Author: Valerie Mendes
Orion Fiction RRP $29.99
Review: Monique Mulligan

“A sweeping historical novel that spans three generations, telling the dark secrets of a family torn apart.” So said the publicity material for Larkswood by Valerie Mendez, and of course, that was enough to make me want to read it. The cover is also appealing to me – what secrets lie behind that window? With the promise of melodrama and intrigue, I settled down with this book, hoping for a read that left me content and as much in love with reading as ever.

Using the popular dual time period/narrator device, Larkswood alternates between the stories of Harriet and her siblings in 1896, and Louisa, the grand-daughter of Harriet’s brother. It starts in typical fashion – a young girl, running through the woods in an attempt to conceal a secret, worried that someone will see her and questions will be asked. She’s burying a baby … but whose is it? The reader soon realises that Cynthia, Harriet’s elder sister, has given birth to a stillborn child while their parents are away. Until now, the Hamilton siblings have enjoyed a privileged existence, albeit with disinterested parents; the birth of this child, means change to all they know.

More than 40 years later, new debutante Louisa Hamilton is sent to Larkswood to recuperate from glandular fever. Her grandfather, fresh from years in India, agrees to let her stay, and Louisa soon comes to enjoy country life. As romance blossoms between Louisa and the young, handsome gardener, she becomes aware that the house is shrouded in mystery, and no one wants to talk about it. Questioning her grandfather leads her nowhere, so she takes matters into her own hands. But at what cost? Can the wounds of the past ever be healed?

As I read Larkswood, I couldn’t help but be reminded of the Flowers in the Attic series, and while I liked that as a teenager, as an adult I have a rather different response to that series. Readers familiar with the V.C. Andrews series may have an inkling of what I’m alluding to, but for those not, I won’t spoil it here. What I will say is that I felt like the actions of certain characters were condoned, with the reader manipulated into feeling sorry for them because their parents were so self-absorbed. Sorry, that didn’t sit right with me. Nor did the parents’ response, which was reprehensible, but that fit more with the darkness the novel was aiming for.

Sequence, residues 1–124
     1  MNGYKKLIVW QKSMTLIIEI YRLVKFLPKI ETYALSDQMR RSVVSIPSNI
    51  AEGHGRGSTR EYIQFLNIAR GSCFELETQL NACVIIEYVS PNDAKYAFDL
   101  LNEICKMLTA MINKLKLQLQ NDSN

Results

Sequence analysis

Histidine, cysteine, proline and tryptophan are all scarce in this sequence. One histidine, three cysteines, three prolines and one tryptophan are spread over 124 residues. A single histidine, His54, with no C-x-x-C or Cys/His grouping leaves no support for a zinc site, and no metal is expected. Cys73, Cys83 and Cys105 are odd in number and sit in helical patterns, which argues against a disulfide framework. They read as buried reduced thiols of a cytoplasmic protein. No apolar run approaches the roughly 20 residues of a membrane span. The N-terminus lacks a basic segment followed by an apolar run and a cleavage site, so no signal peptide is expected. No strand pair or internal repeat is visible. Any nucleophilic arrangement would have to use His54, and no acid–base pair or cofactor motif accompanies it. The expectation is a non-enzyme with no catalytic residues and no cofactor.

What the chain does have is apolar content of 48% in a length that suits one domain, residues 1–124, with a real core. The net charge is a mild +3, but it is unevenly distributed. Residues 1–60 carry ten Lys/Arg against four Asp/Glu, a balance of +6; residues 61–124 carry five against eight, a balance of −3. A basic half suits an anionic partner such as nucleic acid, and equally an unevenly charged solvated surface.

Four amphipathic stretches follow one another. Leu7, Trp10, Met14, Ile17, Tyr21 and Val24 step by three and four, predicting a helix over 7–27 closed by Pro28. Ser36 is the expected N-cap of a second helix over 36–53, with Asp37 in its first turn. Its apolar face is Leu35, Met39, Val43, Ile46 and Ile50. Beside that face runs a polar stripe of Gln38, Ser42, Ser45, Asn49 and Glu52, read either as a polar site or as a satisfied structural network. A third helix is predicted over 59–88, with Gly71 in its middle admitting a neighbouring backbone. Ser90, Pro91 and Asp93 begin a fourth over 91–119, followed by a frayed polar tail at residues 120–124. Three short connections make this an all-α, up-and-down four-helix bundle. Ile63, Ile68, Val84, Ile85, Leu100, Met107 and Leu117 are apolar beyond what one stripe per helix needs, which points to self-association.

On the whole, I found myself a bit underwhelmed by this book; something about it just didn’t work for me in the way I’d hoped … and this was before the deep, dark secret was revealed (and there were plenty of hints, so it was no big surprise). I really wanted to love this because it had many of the elements I adore in novels (although the house was less of a “character” than is usual in this genre), but I had a hard time maintaining interest towards the end. It started with such promise, but I’m afraid I didn’t feel it delivered the punch I hoped for. I also felt that the romance between Louisa and the gardener needed more work to make me feel it.

If you like this genre, don’t be afraid to give Larkswood a go – there are some very positive reviews on Goodreads (as well a s a few that express a similar dissatisfaction to mine). It may not have struck a chord for me, but it may for you.

Available from good bookstores and Hachette Australia. This copy was courtesy of Hachette Australia.

Bookish treat: If I liked cucumber sandwiches, they would be a classy way to go … but I’d rather have honey on fresh bread with butter. One of my guiltiest treats.




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